Discovery Could Lead To Better Flu Prevention

Discovery Could Lead To Better Flu Prevention

flu vaccine

A new weapon in the fight against flu could be on the horizon as scientists discover a new aspect of the flu virus and how it interacts with antibodies in the lungs. 

The discovery could lead to a new approach to developing vaccines to prevent flu, and potentially new ways of treating people who are infected with the virus. 

New flu strains

Over the last two years the flu vaccine has become less effective, particularly in elderly people. The flu jab currently given, the trivalent vaccine, doesn’t protect against a common type of the virus – influenza B. 

There are ongoing concerns that vaccinations will continue to get less and less effective, as new strains of the virus circulate, and the search is on for new, more effective vaccines. 

Antibodies

Scientists have recently made a discovery that could help in battling against flu. 

When studying the different kinds of antibodies in cell cultures to find out which ones were most effective against the flu virus, they found that a subtype called IgA1 was the most effective. Further study into this antibody revealed that it is one part of IgA1 which makes it so effective.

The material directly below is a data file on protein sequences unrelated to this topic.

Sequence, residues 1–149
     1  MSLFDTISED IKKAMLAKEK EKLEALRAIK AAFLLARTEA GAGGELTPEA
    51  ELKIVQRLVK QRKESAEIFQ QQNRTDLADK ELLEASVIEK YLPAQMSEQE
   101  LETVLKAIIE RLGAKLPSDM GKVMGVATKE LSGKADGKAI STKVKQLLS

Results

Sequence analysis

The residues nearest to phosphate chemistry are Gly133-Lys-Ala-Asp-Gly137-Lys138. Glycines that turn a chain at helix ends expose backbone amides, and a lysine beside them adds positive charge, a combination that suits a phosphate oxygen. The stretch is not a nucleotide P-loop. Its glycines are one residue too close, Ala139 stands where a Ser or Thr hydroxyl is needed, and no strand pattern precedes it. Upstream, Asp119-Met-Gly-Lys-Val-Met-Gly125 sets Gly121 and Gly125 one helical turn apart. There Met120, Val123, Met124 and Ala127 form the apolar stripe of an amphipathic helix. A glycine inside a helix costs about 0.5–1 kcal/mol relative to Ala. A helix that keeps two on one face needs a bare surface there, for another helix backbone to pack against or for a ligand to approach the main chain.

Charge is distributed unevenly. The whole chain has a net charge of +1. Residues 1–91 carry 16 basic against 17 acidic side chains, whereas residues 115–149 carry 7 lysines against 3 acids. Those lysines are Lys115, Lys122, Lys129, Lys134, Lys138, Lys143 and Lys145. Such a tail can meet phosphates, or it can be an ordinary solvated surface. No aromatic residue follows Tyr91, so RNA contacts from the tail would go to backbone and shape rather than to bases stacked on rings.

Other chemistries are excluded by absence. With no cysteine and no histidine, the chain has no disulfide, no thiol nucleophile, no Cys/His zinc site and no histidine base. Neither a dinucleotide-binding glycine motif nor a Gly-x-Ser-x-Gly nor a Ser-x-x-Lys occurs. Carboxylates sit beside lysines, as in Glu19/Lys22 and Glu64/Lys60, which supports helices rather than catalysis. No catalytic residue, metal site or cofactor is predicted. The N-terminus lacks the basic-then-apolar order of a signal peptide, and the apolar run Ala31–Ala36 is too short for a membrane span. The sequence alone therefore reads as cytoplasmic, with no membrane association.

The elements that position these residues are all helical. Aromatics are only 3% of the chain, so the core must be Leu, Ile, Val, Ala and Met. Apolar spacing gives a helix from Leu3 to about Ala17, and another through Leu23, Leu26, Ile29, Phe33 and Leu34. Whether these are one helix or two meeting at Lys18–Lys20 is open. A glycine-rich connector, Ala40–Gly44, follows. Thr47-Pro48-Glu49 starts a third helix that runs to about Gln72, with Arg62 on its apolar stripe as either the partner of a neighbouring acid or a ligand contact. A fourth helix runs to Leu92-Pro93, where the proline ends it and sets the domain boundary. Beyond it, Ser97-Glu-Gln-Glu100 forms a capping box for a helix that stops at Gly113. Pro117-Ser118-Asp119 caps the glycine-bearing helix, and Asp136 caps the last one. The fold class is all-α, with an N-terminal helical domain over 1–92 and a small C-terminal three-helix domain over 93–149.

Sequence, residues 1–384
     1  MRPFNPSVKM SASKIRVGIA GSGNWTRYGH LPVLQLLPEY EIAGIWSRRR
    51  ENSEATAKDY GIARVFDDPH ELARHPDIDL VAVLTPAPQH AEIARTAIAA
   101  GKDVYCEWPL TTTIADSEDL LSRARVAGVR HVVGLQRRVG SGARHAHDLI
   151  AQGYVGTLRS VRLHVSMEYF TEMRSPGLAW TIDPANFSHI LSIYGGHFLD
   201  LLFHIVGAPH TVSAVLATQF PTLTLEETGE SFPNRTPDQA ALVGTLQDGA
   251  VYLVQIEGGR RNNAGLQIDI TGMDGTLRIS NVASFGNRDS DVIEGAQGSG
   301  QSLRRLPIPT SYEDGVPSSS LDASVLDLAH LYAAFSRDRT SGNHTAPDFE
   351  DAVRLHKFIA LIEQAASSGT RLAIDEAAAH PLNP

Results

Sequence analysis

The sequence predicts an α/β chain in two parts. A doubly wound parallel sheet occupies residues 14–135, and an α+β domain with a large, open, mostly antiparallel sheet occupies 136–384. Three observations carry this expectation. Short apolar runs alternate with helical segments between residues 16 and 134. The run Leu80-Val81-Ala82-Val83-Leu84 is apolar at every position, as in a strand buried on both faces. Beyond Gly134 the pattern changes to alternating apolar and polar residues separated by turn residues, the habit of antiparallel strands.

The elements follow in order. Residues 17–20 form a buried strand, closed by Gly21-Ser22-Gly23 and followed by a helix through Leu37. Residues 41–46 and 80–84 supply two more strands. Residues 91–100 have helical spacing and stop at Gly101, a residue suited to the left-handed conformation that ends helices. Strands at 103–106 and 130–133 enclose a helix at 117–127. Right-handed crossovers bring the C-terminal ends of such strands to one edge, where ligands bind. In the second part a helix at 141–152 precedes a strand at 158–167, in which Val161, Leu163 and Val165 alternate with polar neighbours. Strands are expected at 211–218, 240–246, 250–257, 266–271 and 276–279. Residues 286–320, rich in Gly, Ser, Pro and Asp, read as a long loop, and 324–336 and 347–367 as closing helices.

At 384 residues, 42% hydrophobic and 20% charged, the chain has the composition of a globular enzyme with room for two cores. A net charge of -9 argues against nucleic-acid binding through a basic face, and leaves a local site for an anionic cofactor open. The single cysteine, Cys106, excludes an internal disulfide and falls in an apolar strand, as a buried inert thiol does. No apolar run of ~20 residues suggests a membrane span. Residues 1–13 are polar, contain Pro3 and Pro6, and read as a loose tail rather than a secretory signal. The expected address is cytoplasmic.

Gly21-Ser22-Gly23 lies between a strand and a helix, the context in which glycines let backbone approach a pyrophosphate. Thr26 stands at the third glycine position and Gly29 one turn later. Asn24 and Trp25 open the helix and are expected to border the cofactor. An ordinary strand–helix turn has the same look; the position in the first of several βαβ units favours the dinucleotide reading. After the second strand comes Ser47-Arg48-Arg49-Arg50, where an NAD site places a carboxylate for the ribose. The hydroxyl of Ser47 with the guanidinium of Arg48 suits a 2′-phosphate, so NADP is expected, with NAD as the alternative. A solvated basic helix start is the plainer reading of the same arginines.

A particular type of tail on the end of the molecule means IgA1 can stop flu and other viruses.

Block the virus

Flu vaccines work by using antigens to teach the immune system to recognise and produce antibodies against the virus. However, this new discovery indicates that there may be other approaches to vaccinating against flu.

The scientists found that the tail on IgA1 blocks the part of the virus that allows it to attach to the cells it wants to infect. This interaction was not previously known, and it suggests that antibodies may protect us against flu infection in two different ways. 

Provide protection

The findings from The Scripps Research Institute could be used to develop new treatments for people who have flu, or who are in contact with people with particular types of the virus. Only a small amount of the antibodies is needed to provide protection.

Lars Hangartner, one the authors of the study, which was published in the journal Cell Reports, said: “We think if we could graft this tail onto a more manageable antibody molecule, it would be much easier to handle.

“It would combine the best of both worlds and give us a molecule that's more effective and hardy, and that ultimately may be useful in the clinic.”

This article was written by a third party source and does not reflect the views or opinions of Ramsay Health Care unless explicitly stated.

Additional comments on the page from individual Consultants do not necessarily reflect the views or opinions of other Consultants or Ramsay Health Care.

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